The intestinal gut health is one of the primary determinants of broiler growth and performance. Among the various enteric diseases, necrotic enteritis (NE) is an enterotoxemic disease caused by Clostridium perfringens, which can result in severe economic losses in poultry farming. Antibiotics like bacitracin methylene disalicylate (BMD) and avilamycin (AVL) are commonly used antibiotic growth promoters (AGP) in poultry feed to control necrotic enteritis in birds. Bacillus subtilis PB6 was reported to prevent necrotic enteritis and improve performance in birds. This paper investigated the influence of Bacillus subtilis PB6 in improving the performance of broiler birds in comparison with BMD and avilamycin. A 35 day trial was conducted with 240 day-old commercial broiler chicks (VenCobb 400), which were divided into four treatment groups, where each treatment group was composed of 6 replicates each containing 10 birds, for a total of 60 birds per treatment. The treatment groups included a negative control (no AGP), Bacillus subtilis PB6, BMD, and avilamycin. The parameters analyzed included body weight, feed conversion ratio (FCR), mortality, villus histomorphometry, and European efficiency factor (EEF). Bacillus subtilis PB6 significantly (P < 0.05) improved body weight and FCR (8 points) compared to the control. The group supplemented with B. subtilis PB6 or BMD had higher (P < 0.05) body weight compared to all other treatment groups. The supplementation of B. subtilis PB6 significantly improved the villus height (P < 0.05) compared to control and other AGP groups. The EEF was found to be the highest in the B. subtilis PB6 supplemented group at 35th day as compared to other treatment groups. The combined data from this study indicate that supplementation of B. subtilis PB6 improves overall performance of broilers compared to BMD and avilamycin, and can be used as potential AGP replacement in poultry farming.
Three hundred thirty‐day‐old unsexed commercial broiler chicks (Vencobb‐400) with initial average body weight of 44.04 ± 0.42 g were allocated into five experimental groups, in a completely randomized design (CRD) with 21‐day experiment. Groups were formed according to dose of supplemental L‐threonine in various rations i.e., 100% NRC specification, 100% threonine of Vencobb‐400 strain specification, 110% threonine of Vencobb‐400 strain specification, 120% of threonine of Vencobb‐400 strain specification and 130% threonine of Vencobb‐400 strain specification. Average daily feed intake (ADFI), average daily body weight gain (ADG), cumulative feed conversion ratio (CFCR), carcass characteristics, immune response, intestinal morphometry and biochemical profile were studied. The ADFI and ADG increased linearly and quadratically as dietary threonine levels were increased. However, the CFCR did not differ (p ˃ 0.05) among the groups. Though the carcass weight and drumstick yield did not differ (p ˃ 0.05) among the groups, the relative breast yield increased linearly (p = 0.007). The relative dressing yield and relative thigh weight increased linearly (p = 0.05 and p = 0.03, respectively). The relative weight of immune organs like bursa and thymus increased linearly. The mean total serum immunoglobulin, ND‐ELISA titre and the mean lymphocyte proliferation response index increased linearly, whereas mean phagocytic activity index of neutrophil increased linearly (p < 0.001) and quadratically (p = 0.001). The mean villus height (VH), crypt depth (CD), villus surface area and mean goblet cell number/villus increased linearly and quadratically, whereas the villus width (VW) and goblet cell density increased quadratically. The serum glucose increased linearly (p = 0.001), whereas serum total protein concentration and serum globulin level increased both linearly and quadratically. The albumin: globulin ratio tended to decrease linearly. There was a significant decrease (p < 0.05) in serum cholesterol and VLDL cholesterol level. However, a linear increment (p = 0.04) in the blood serum HDL cholesterol level with a linear reduction (p = 0.01) in the blood serum LDL cholesterol was noticed.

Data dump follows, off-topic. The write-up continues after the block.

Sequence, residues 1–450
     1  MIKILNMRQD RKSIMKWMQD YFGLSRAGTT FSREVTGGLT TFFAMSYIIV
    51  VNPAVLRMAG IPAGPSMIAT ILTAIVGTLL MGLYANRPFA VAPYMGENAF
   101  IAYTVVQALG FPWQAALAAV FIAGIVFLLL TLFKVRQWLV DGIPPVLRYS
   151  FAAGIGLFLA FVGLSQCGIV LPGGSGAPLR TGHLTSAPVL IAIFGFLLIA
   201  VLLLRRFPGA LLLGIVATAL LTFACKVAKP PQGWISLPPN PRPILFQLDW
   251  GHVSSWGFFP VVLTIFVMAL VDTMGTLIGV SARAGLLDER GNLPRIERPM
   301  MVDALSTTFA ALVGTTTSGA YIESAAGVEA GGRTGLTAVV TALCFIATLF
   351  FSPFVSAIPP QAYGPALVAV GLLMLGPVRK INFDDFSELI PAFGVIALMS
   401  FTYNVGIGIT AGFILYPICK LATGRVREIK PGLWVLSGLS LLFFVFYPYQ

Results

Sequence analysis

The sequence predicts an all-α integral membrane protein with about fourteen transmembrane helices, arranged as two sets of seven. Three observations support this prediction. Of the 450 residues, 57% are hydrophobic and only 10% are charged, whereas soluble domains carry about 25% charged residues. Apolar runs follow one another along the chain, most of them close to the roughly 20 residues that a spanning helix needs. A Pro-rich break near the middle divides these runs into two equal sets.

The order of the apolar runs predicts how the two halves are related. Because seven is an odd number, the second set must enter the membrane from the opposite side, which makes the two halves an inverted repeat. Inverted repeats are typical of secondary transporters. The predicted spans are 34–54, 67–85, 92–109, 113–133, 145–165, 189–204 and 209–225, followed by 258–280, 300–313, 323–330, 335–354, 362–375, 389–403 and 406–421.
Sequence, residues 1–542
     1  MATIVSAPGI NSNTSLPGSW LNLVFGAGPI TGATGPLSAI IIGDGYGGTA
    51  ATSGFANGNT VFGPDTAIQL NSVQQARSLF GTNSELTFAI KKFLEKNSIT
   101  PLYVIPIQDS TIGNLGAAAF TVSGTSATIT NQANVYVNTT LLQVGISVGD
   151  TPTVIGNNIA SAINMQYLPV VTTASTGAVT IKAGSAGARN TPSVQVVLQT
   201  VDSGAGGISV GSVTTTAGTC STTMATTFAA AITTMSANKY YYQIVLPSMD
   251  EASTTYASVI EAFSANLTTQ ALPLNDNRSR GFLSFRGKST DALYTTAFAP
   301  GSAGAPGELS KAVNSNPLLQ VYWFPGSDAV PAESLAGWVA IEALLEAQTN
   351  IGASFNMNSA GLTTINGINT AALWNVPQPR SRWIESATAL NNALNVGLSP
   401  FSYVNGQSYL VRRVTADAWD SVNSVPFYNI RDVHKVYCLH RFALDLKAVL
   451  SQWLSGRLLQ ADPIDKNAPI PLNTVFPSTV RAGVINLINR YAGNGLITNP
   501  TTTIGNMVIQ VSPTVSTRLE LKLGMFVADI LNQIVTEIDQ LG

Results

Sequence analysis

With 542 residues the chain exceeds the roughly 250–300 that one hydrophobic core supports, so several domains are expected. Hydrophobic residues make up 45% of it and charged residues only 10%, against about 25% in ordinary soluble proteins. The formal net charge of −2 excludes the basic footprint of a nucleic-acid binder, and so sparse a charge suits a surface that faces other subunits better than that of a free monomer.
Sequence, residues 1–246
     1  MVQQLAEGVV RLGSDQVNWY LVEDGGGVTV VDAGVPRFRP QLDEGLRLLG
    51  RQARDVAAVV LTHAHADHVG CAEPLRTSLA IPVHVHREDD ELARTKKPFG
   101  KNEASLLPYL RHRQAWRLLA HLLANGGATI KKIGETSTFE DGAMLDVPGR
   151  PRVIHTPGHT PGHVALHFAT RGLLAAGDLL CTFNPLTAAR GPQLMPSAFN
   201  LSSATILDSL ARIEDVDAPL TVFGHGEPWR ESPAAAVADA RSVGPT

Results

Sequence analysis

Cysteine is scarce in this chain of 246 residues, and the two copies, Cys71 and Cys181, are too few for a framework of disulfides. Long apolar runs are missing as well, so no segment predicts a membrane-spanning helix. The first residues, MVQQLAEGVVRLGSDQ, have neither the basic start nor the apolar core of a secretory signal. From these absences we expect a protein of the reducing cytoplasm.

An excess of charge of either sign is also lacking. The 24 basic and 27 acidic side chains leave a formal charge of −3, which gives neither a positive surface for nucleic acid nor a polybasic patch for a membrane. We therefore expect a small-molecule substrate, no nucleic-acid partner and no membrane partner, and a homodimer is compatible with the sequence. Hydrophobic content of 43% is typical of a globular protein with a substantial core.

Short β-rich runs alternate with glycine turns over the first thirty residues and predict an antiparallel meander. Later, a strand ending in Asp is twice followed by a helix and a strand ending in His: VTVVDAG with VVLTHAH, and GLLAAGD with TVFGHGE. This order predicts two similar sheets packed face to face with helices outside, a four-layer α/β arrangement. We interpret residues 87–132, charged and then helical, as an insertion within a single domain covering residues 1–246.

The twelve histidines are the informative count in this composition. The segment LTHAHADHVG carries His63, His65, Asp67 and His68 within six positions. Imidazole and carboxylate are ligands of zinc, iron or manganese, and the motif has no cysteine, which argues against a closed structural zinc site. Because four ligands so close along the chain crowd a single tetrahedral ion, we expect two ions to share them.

Duck Plague (DP) or Duck viral enteritis is an acute contagious and highly fatal disease in water fowl commonly caused by Anatidalphavirus-1 belonging from Herpesviridae family and contains double stranded DNA as genetic material. Pathogen associated molecular pattern (PAMP)s when identified by Pathogen Recognition Receptor (PRR)s acts as effective immunity system action against the pathogen. Melanoma Differentiation-Associated protein 5 (MDA5) and Retionic Acid Inducible Gene I (RIG1) are protein sensor commonly sense for viral double stranded RNA and helps for pro-inflammatory cytokine expression. Gut Associated Lymphoid Tissue (GALT)s have important role in immune response. The current study depicts the important role of three important immune response genes as RIGI, MDA5 and INFalpha in duck plague infestation for the first time. In silico studies followed by differential mRNA expression of RIG1, MDA5 and INFalpha was employed to detect effectiveness of gut associated immune responsiveness in liver, where kupfer cells are the major immune response cells. This was further confirmed through histological section of liver, kupfer cell and immunohistochemistry. This will be helpful to identify molecular mechanism of host innate immunity through duck plague virus infection in indigenous duck. This information may be helful for production of duck with the inherent resistance against duck plague virus infection through suitable biotechnological approaches as gene editing.Due to this inherent nature of better immunity in terms of resistance to other common avian diseases, duck will evolve as one of the major sustainable poultry species.The current study explores the scope to study host immunity against herpes virus in animal model.
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